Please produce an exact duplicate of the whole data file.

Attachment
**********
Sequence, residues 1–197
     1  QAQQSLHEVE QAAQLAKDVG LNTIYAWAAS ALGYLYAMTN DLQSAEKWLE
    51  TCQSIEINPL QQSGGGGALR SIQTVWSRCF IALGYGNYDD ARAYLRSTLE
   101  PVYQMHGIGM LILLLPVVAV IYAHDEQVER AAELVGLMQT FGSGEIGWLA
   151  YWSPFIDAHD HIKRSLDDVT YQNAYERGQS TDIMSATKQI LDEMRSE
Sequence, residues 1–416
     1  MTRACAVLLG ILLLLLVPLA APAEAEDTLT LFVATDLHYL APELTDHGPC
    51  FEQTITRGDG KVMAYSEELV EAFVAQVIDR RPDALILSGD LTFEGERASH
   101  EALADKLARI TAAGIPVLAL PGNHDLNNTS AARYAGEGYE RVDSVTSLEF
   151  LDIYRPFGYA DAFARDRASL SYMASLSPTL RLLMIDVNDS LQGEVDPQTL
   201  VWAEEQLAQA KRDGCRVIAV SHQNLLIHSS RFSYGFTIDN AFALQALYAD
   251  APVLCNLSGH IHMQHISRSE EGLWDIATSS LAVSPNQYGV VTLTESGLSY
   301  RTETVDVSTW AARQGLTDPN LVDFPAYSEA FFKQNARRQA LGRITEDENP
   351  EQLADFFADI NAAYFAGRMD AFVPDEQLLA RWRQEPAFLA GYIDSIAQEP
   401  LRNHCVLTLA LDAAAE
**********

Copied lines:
Sequence, residues 1–197
     1  QAQQSLHEVE QAAQLAKDVG LNTIYAWAAS ALGYLYAMTN DLQSAEKWLE
    51  TCQSIEINPL QQSGGGGALR SIQTVWSRCF IALGYGNYDD ARAYLRSTLE
   101  PVYQMHGIGM LILLLPVVAV IYAHDEQVER AAELVGLMQT FGSGEIGWLA
   151  YWSPFIDAHD HIKRSLDDVT YQNAYERGQS TDIMSATKQI LDEMRSE
Sequence, residues 1–416
     1  MTRACAVLLG ILLLLLVPLA APAEAEDTLT LFVATDLHYL APELTDHGPC
    51  FEQTITRGDG KVMAYSEELV EAFVAQVIDR RPDALILSGD LTFEGERASH
   101  EALADKLARI TAAGIPVLAL PGNHDLNNTS AARYAGEGYE RVDSVTSLEF
   151  LDIYRPFGYA DAFARDRASL SYMASLSPTL RLLMIDVNDS LQGEVDPQTL
   201  VWAEEQLAQA KRDGCRVIAV SHQNLLIHSS RFSYGFTIDN AFALQALYAD
   251  APVLCNLSGH IHMQHISRSE EGLWDIATSS LAVSPNQYGV VTLTESGLSY
   301  RTETVDVSTW AARQGLTDPN LVDFPAYSEA FFKQNARRQA LGRITEDENP
   351  EQLADFFADI NAAYFAGRMD AFVPDEQLLA RWRQEPAFLA GYIDSIAQEP
   401  LRNHCVLTLA LDAAAE